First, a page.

Thursday, February 09, 2006

Evasive Serb, loud Americans and obnoxious Brits

The other day I went with a friend to a talk on the future of Serbia in central London. My friend had been to Bosnia as a freelance journalist years ago, and got wounded, and I had gone to Serbia with a student from there in 1994. While the speaker's English was very good, he had this habit of repeating words, sometimes 5 or 6 times. But he was also very vague and as evasive as Blair can be and we were both left puzzled by his response to my friend's question. I was feeling a bit dozy from the free wine and left early. My friend stayed on to get some young woman's phone number; purely for professional reasons he assured me.

We wandered towards Tottenham Court Road looking for a restaurant, and came across one in Cleveland Street, Terra (?), which had a very nice Brazilian waitress, Tania. I was in a good, chatty mood and we got talking visiting Latin America and maybe doing a Che tour. But not on motorbike, I had my motorbike period as a student, though the huge trip almost round the world by Ewan McGregor and Charlie Sheen looks like an amazing experience - but they were so glad to get on to the good roads in America after muddy ruts in Mongolia. Tania promised to give me some contacts for Sao Paulo.

Loud Americans

I remarked on the couple at the other end of the restaurant and how loudly the American woman was talking. Why do many Americans talk so loudly in public? This is not just my prejudice; an American friend said in an email to me: "the plane was full of the worst type of American tourists. Loud, annoying..."

"I went to a comedy club and a martini bar last Saturday with a few people obviously all from The Loud Family. But you couldn't hear them that much if you stuck your entire head in the glass. The worst is going to Europe and realizing how loud and crass Americans are. No wonder the French hate us." Iggy

"You'll probably recognise a few old faces from the Trafalgar in here [The North Pole pub, Greenwich, London], it seems this is where they get new jobs when they're sick of dealing with loud Americans day in day out."

Here they are spoiling a Cancun hotel for a Scot - AND his "lovely" American friends:

"I can't fault the hotel for anything, our only complaint was a large number of obnoxious and rude Americans who have no concept of anyone else but themselves!!! ( That said we did meet some lovely Americans who found their countrymen every bit as annoying as ourselves!!!)"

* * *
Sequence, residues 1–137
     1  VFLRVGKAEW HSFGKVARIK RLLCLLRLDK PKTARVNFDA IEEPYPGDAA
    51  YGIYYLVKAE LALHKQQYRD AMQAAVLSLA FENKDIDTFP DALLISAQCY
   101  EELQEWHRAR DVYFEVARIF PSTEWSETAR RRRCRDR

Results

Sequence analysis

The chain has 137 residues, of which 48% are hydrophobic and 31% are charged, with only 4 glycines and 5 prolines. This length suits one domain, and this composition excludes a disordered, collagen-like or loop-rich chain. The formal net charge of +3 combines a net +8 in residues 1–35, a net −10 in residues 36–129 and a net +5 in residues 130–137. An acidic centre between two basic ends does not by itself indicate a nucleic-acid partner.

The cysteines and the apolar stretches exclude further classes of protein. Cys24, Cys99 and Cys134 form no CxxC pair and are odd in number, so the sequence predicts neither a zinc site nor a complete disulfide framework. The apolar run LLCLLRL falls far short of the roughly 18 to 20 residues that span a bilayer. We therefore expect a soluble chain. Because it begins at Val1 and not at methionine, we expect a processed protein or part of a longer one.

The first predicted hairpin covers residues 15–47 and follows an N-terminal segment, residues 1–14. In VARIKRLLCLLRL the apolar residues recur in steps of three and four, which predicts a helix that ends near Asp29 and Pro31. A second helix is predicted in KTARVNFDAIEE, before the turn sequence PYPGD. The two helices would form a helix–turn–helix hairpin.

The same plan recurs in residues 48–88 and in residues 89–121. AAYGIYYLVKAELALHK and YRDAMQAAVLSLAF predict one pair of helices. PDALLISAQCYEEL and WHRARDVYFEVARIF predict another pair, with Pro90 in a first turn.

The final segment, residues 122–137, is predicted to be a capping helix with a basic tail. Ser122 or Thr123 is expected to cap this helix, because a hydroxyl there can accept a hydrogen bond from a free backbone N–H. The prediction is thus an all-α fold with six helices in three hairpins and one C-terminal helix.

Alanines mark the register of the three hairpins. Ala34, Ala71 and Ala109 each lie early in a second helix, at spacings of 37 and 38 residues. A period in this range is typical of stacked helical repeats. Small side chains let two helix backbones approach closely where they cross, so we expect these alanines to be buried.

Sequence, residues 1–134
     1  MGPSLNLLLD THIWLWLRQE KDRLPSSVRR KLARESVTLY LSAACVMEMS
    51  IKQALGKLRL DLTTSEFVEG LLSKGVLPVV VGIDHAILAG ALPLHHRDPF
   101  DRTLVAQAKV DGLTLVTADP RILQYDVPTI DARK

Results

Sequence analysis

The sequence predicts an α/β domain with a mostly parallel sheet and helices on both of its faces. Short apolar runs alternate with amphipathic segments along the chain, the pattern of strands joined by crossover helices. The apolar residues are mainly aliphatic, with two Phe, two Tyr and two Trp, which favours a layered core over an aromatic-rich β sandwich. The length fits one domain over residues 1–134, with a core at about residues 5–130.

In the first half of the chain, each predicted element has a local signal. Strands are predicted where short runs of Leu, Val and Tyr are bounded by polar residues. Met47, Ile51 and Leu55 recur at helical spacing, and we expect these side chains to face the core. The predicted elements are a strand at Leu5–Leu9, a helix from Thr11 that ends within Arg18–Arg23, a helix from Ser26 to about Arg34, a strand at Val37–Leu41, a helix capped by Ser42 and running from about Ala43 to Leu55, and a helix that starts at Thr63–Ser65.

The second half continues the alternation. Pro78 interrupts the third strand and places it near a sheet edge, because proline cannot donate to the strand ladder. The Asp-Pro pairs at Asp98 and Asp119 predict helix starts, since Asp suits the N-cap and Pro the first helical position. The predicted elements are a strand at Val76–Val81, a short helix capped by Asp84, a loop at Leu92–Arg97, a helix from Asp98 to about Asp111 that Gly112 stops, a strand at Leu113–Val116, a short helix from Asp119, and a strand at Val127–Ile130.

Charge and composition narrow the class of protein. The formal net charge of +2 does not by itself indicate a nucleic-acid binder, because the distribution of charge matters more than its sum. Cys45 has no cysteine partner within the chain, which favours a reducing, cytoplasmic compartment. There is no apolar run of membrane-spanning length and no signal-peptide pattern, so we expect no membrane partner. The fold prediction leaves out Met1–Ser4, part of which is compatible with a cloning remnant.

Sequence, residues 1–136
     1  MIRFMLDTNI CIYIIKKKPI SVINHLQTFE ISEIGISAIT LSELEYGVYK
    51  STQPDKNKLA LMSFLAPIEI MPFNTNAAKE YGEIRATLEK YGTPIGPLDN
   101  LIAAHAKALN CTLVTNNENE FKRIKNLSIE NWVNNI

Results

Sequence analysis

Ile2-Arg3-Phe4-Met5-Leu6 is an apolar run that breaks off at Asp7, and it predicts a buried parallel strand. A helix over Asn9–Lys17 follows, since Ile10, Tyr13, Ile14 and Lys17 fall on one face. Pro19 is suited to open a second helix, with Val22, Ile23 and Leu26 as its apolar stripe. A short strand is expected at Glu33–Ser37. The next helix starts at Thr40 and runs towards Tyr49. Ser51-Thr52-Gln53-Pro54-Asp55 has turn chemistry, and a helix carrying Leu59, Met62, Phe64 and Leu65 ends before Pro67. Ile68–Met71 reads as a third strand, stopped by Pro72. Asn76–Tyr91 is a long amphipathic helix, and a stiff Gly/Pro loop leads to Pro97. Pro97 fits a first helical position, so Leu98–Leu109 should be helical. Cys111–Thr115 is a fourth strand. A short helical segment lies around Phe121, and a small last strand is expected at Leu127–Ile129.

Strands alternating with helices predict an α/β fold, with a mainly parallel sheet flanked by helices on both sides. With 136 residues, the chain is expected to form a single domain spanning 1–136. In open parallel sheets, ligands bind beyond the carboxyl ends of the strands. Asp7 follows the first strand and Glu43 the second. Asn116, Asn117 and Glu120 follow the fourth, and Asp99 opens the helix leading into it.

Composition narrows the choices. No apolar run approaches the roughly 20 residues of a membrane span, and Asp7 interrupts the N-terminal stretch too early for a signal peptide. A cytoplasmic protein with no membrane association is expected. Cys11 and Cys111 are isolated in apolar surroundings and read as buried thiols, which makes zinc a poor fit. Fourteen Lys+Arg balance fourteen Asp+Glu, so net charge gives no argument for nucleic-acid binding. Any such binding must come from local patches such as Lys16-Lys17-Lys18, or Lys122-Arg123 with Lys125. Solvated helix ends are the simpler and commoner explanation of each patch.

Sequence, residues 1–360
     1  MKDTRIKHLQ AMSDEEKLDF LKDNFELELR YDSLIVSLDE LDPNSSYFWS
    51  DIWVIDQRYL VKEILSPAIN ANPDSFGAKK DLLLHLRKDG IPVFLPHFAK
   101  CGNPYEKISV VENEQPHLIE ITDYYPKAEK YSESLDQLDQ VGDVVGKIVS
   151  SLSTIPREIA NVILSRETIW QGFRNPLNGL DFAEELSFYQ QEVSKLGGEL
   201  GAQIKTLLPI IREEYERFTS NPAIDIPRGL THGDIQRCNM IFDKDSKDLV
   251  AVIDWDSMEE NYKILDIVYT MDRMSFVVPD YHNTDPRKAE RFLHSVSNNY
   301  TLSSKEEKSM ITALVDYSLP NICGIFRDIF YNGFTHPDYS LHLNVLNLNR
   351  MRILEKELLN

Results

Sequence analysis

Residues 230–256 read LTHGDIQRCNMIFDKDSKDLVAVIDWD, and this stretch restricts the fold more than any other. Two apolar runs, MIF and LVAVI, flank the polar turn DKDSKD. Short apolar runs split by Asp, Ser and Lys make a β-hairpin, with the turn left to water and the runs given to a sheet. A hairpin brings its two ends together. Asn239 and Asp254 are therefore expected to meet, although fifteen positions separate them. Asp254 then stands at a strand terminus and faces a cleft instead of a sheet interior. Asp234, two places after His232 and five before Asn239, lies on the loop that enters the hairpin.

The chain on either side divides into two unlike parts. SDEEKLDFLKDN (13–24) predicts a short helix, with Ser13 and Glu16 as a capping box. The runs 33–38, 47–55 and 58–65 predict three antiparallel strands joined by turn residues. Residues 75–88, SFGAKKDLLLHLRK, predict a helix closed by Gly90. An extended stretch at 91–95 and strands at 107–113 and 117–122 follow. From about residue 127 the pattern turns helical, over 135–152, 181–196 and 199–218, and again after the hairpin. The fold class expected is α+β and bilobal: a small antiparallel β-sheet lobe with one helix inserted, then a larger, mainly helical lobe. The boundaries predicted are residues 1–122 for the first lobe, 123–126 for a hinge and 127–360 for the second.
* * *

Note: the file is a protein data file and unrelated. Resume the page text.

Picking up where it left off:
and here's some more of them ruining le Vieux Bistro in Paris:

"This was my third visit to this restaurant. This year, 2005, however, things have changed. The staff has gone from elderly and courteous to young and rude. We were put in the back room which was filled with loud Americans ..."

Obnoxious Brits

However, we Brits can hardly complain:

"Of course, when Britain had an Empire, Loud Brits were the scourge of the clubs and stations. Aristocratic chinless wonders braying at the tops of their horsey voices made us "ordinary people" cringe."

Today it's worse, some British young people behave appallingly here and abroad:

"...the annual spectacle of young British holiday makers in Europe displaying their legendary propensity for getting drunk. They seem unmoved by Europe’s longer opening hours to moderate their native approach towards drinking which may best be described as drink-as-much-as-you-can-as-fast-as-you-can-and–then-knock-over-everything- in-sight-that-moves-until-you-pass-out-in-a-drunken-stupor.

A Brit girl describes the start of her holiday in Ibiza:

"We all got very, very drunk that first night. [We] met these two blokes ... and ended up chatting to them for the rest of the night. The last thing V remembers if falling through our room's door, and the last thing I remember was being held out the window while I was being sick, as S held my hair back."

Tania, the waitress, explained that the the couple had had three bottles wine between them and I have to admit I get loud when I've been drinking. When we left, my friend, who, behind a facade of aggressive sarcasm, is quite sensitive, said: "I suppose you're going to say something sarcastic." As we got to the door I turned to the couple and said: "We enjoyed your conversation almost as much as you did." The guy seemed unsure how to respond, but, to her credit the American woman laughed - loudly - which relieved him of the need to assert his masculinity.

For an amusing commentary on some loud Americans at the Miss Universe contest in Thailand by a young Thai woman, who seems to have had an American education, see:

For a civilised American's reflections on his compatriots' behaviour, see:


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